• Do not try to rescue someone who does not want to be rescued, and be very careful about rescuing someone who does.
  • Nothing well done is insignificant.
  • Set your house in perfect order before you criticize the world.
  • Dress like the person you want to be.
  • Be precise in your speech.
  • Stand up straight with your shoulders back.
  • Don’t avoid something frightening if it stands in your way — and don’t do unnecessarily dangerous things.
  • Do not let your children do anything that makes you dislike them.
  • Do not transform your wife into a maid.
  • Do not hide unwanted things in the fog.
  • Notice that opportunity lurks where responsibility has been abdicated.
  • Read something written by someone great.
  • Pet a cat when you encounter one on the street.
  • Do not bother children when they are skateboarding.
  • Don’t let bullies get away with it.
  • Write a letter to the government if you see something that needs fixing — and propose a solution.
  • Remember that what you do not yet know is more important than what you already know.
  • Be grateful in spite of your suffering.

He thought he’d title his book 42 and include 42 rules for dealing with Life, the Universe, and Everything, but he instead pared it down to 12 Rules for Life.

Here he gives a preview:

His former student, Gregg Hurwitz, included the (older) rules in his thriller Orphan X.

It took a world war to educate them all

January 4th, 2018

The Second World Wars takes an unusual approach to its subject:

Hanson starts with the idea that the Axis powers were more or less destined to lose, then works backward to understand the reasons for their defeat. The book revolves around a question highly relevant to our own brewing confrontation with North Korea: Why, and how, do weaker nations convince themselves, against all evidence to the contrary, that they are capable of defeating stronger ones?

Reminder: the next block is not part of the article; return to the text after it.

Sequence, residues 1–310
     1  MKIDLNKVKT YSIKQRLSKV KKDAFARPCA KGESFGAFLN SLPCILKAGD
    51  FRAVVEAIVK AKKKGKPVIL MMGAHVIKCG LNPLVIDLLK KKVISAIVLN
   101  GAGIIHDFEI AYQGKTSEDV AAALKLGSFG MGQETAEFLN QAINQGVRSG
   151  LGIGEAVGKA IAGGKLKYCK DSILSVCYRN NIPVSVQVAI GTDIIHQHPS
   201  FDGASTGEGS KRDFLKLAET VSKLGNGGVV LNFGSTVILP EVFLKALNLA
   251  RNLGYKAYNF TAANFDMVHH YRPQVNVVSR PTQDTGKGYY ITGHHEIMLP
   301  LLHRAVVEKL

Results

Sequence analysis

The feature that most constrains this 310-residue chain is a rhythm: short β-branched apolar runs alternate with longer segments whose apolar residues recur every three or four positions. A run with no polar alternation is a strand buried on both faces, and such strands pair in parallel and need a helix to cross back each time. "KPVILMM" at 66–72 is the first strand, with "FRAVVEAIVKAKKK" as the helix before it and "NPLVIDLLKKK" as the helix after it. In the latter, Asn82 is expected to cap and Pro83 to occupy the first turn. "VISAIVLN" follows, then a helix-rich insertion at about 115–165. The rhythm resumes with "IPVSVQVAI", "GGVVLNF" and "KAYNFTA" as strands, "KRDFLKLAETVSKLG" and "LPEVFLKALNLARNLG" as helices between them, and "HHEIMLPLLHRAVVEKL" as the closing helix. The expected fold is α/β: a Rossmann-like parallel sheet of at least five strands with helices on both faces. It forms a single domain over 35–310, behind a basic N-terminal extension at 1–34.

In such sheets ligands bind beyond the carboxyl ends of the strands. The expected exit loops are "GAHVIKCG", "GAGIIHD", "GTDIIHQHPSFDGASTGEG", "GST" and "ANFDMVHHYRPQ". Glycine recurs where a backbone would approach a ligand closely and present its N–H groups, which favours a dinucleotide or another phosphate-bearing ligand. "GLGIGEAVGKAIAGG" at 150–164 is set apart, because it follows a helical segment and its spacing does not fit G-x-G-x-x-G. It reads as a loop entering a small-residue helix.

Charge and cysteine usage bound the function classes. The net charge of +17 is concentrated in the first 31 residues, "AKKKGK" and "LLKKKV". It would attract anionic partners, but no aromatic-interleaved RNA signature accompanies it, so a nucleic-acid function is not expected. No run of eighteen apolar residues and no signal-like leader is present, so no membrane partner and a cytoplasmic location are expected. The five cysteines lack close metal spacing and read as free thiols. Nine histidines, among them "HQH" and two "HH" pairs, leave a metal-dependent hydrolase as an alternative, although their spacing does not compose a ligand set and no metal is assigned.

Hanson begins by putting the Second World War in a “classical context.” Although it was a high-tech conflict with newly lethal weapons, he writes, it still followed patterns established over millennia: “British, American, Italian, and German soldiers often found themselves fortifying or destroying the Mediterranean stonework of the Romans, Byzantines, Franks, Venetians, and Ottomans.” In many instances, military planners on both sides ignored the lessons of the past. Some lessons were local: it’s always been hard to “campaign northward up the narrow backbone of the Italian peninsula,” for example, which is exactly what the Allies struggled to do. Others were universal. Small countries have difficulty defeating big ones, because — obviously — bigger countries have more people and resources at their disposal; Germany, Italy, and Japan, therefore, should have been more concerned about their relatively small size compared to their foes. History shows that the only way to win a total war is to occupy your enemy’s capital with infantrymen, with whom you can force regime change. Hitler should have paused to ask how, with such a weak navy, he planned to cross the oceans and sack London and, later,Washington. At a fundamental level, it was a mistake for him to attack countries whose capitals he had no way to reach.

In terms of management and logistics, the Axis powers were similarly, and sometimes quite conspicuously, disadvantaged. Before the war, the United States produced a little more than half of the world’s oil; Axis leaders should have known this would be a decisive factor in a mechanized conflict involving tanks, planes, and other vehicles. (The Nazis may have underestimated the importance of fuel because — even though they planned to quickly conquer vast amounts of territory through blitzkrieg — many of their supply lines remained dependent upon horses for the duration of the war.) In general, Allied management was more flexible — British planners quickly figured out the best way to place radar installations, for example — while the Axis powers, with their more hierarchical cultures, tended toward rigidity. Axis leaders believed that Fascism could make up the difference by producing more fanatical soldiers with more “élan.” For a brief time at the beginning of the war, Allied countries believed this, too. (There was widespread fear, especially, of Japanese soldiers.) They soon realized that defending one’s homeland against invaders turns pretty much everyone into a fanatic.